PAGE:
How do the various elements of the poem contribute to the whole?
Emily Dickinson’s 1263 poem “Tell all the truth but tell it slant -” aims for the reader to question what is said to be the truth and what is actually correct rather than skimming the surface of what is said. She plays with the idea that people never delve into the meaning of one thing if it is not something they explicitly want to hear. In the first line the reader is advised to “Tell ALL the truth”, implying that someone must tell every part of a situation no matter how wrenching it may be for the listener. She continues in that line to slightly contradict herself by adding “but tell it slant”, slant meaning to introduce the fact or story from a different angle that can be interpreted more softly. The second line, which can be contradictory as “lies” could have two meanings, I interpret as “Success” lying to the reader when in a “Circuit“. This image depicts a revolving wheel that never ends and thus does not succeed in anything. Dickinson claims that by circling around the full truth, one will never find success but instead lies. The next two lines tie into her argument, as the “Lightening” connects to being “Too bright for our infirm Delight” meaning subtlety that we fail to handle the real truth, although we should. Moreover, the alliteration of the “s” sound in the fourth line “The Truth’s superb surprise” causes the reader to slow down and has the connotation of a snake, possibly contributing to the fact that people see the full truth as something dangerous. To bring it all together at the end of this short poem, Dickinson leaves us with “The Truth must dazzle gradually- Or every man be blind” to exemplify the fact that the uncovering of the truth will be a gradual process but will eventually develop into something dazzling, rather than something a man will never live to see.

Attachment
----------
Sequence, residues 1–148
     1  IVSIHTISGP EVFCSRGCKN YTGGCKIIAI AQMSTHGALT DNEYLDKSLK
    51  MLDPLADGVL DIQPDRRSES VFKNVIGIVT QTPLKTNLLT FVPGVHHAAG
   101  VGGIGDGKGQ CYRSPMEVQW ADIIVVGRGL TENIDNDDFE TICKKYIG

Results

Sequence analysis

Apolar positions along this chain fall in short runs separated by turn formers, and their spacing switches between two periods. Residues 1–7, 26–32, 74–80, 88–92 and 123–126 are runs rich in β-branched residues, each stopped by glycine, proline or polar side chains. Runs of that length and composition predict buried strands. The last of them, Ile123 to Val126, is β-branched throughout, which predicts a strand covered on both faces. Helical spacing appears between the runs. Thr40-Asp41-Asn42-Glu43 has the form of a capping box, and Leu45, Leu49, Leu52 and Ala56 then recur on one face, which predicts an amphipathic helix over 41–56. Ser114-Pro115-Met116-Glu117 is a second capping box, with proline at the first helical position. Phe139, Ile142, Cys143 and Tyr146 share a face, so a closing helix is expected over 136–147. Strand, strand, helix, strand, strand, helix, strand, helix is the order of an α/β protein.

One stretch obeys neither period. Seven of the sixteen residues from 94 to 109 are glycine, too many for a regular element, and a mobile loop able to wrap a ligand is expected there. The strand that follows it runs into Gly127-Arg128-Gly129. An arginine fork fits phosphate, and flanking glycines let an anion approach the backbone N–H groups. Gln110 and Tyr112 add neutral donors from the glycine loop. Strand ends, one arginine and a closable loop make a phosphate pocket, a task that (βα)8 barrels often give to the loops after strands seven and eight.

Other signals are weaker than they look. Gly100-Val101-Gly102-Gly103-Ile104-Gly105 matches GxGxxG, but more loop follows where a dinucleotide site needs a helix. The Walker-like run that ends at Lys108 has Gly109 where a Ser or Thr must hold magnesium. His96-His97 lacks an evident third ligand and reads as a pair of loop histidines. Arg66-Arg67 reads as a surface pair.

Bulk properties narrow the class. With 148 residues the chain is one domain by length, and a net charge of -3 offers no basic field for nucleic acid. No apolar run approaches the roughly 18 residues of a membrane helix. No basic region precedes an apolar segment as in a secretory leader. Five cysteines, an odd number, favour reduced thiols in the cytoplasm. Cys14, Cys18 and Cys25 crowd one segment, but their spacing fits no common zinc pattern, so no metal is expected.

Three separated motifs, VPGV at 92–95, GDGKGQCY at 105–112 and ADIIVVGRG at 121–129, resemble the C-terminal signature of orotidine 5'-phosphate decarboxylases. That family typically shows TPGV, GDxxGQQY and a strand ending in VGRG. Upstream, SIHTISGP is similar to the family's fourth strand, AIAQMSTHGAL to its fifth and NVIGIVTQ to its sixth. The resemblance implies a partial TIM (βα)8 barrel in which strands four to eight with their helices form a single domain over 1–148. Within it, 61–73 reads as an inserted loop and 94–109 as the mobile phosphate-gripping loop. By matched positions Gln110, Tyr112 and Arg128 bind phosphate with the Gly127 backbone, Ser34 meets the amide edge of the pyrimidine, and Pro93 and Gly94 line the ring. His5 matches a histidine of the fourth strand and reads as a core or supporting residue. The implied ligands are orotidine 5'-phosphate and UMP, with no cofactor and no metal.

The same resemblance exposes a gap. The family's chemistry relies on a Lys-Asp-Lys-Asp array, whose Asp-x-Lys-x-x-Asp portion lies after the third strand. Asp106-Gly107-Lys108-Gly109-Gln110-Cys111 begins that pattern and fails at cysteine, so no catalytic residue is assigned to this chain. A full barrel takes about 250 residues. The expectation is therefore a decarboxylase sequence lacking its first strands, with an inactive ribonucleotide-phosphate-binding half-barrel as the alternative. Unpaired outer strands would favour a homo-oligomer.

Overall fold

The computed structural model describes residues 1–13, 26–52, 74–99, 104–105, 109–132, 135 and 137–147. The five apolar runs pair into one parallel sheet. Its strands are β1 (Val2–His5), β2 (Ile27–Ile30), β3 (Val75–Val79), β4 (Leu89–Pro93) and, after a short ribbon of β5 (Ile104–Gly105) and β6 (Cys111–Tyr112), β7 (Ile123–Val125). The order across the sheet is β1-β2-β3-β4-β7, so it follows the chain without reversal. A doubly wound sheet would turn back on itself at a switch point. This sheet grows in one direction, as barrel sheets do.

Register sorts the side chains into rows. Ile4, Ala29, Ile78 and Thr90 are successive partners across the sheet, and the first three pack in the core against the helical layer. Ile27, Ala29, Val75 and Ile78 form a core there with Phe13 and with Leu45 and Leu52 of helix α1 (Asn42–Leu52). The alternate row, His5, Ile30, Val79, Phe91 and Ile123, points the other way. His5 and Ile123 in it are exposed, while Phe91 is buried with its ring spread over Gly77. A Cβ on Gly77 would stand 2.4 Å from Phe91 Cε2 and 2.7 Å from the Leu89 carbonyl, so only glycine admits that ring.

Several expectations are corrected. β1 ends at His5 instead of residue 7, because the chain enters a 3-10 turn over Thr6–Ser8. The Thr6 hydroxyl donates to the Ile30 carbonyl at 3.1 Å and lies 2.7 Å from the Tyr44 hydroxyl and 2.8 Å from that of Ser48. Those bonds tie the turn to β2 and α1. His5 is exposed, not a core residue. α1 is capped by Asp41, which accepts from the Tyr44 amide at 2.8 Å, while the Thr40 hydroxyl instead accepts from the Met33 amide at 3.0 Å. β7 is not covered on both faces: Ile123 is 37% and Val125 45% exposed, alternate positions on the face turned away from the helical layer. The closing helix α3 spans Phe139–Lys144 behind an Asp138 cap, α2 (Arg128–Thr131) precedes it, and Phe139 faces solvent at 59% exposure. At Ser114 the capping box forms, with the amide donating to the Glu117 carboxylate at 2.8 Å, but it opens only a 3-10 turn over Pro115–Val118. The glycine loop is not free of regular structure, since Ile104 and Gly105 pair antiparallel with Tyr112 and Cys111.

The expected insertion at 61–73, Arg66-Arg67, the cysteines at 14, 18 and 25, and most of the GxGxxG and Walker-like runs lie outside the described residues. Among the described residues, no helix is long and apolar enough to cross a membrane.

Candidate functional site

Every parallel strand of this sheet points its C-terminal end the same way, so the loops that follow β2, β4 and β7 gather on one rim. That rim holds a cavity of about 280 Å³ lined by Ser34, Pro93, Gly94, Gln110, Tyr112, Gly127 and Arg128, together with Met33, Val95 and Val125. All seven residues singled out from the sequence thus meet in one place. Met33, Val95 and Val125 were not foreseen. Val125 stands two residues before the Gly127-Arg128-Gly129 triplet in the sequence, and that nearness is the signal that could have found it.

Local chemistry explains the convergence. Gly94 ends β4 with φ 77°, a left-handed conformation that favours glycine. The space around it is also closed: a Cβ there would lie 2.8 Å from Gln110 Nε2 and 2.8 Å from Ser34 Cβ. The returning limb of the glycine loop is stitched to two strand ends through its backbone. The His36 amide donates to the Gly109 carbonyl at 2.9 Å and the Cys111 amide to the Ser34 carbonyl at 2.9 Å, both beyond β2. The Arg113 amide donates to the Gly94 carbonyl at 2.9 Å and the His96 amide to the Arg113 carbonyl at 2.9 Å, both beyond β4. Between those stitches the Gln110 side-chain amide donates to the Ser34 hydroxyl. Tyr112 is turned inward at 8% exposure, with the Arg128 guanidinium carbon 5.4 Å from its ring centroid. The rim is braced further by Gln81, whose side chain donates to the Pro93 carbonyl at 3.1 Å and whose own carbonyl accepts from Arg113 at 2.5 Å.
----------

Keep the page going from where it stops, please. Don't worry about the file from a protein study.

- Eldridge Street Police Station Lodgers
- Thy fingers make early flowers of